The only son of wealthy widow Violet Venable dies while on vacation with his cousin Catherine. What the girl saw was so horrible that she went insane; now Mrs. Venable wants Catherine lobotomized to cover up the truth.
Joseph L. Mankiewicz
In the mid-1800's, the wealthy Sloper family - widowed surgeon Dr. Austin Sloper, his adult daughter Catherine Sloper (Dr. Sloper's only surviving child), and Dr. Sloper's recently widowed sister Lavinia Penniman - live in an opulent house at 16 Washington Square, New York City. They have accrued their wealth largely through Dr. Sloper's hard work. Despite the lessons that Dr. Sloper has paid for in all the social graces for her, Catherine is a plain, simple, awkward and extremely shy woman who spends all her free time alone doing embroidery when she is not doting on her father. Catherine's lack of social charm and beauty - unlike her deceased mother - is obvious to Dr. Sloper, who hopes that Lavinia will act as her guardian in becoming more of a social person, and ultimately as chaperon if Catherine were ever to meet the right man. The first man ever to show Catherine any attention is the handsome Morris Townsend, who she met at a family party. Catherine is initially uncertain as to ... Written by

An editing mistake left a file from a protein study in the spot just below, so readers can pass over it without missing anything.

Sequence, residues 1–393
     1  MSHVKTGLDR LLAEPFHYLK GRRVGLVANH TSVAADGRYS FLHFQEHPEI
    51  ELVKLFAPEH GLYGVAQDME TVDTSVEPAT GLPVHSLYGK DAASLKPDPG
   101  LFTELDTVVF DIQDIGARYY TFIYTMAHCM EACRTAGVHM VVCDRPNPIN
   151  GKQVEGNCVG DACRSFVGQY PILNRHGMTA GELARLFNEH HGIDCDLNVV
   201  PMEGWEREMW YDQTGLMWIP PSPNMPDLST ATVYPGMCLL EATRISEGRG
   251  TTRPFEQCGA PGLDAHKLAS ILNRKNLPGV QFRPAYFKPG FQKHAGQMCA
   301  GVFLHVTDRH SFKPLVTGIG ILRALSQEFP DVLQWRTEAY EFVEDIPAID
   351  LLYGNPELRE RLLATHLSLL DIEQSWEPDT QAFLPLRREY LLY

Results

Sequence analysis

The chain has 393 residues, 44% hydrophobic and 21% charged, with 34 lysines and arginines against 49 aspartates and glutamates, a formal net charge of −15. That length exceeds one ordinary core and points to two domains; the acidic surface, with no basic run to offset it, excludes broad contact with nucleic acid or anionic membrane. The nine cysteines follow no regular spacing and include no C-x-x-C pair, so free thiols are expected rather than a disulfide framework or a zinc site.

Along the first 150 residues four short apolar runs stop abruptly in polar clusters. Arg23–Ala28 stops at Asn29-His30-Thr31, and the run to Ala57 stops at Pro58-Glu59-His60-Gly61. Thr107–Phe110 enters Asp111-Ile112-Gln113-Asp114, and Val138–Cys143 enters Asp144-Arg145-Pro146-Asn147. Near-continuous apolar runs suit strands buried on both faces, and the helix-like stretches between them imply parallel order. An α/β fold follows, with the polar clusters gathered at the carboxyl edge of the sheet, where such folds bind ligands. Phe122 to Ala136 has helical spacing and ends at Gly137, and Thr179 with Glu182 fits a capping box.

Betty Linley reprised her role of "Mrs. Montgomery" from the original Broadway production. See more »
When Morris first asks Kathryn to dance at the party, she is seated with her dance card in her hand. Her fan is hanging from a string around her wrist on the same arm. Cut to a wider shot as Kathryn stands to join Morris, and suddenly her fan is in her hand, and her dance card is hanging from her wrist. See more »
Well, Austin, who's sick? Who died? Who've you been cutting up lately?
Yes, I can see you're in good shape. When your gout's troubling you, you're more respectful to me.
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Henry James novel of spinster daughter of wealthy doctor being wooed by a fortune hunter is meticulously brought to the screen by Wyler and a stellar cast. The beautiful de Havilland, made to look plain and dull, is quite good in her Oscar-winning title role. Also fine are Clift as the gold digger and Hopkins as de Havilland's understanding aunt. However, the best performance is given by Richardson as the cold, domineering father who wants to protect his daughter but also despises her meek existence. Brown, who plays the maid, looks like a young Grace Kelly. The cinematography is excellent and there's a fine score by Copland.
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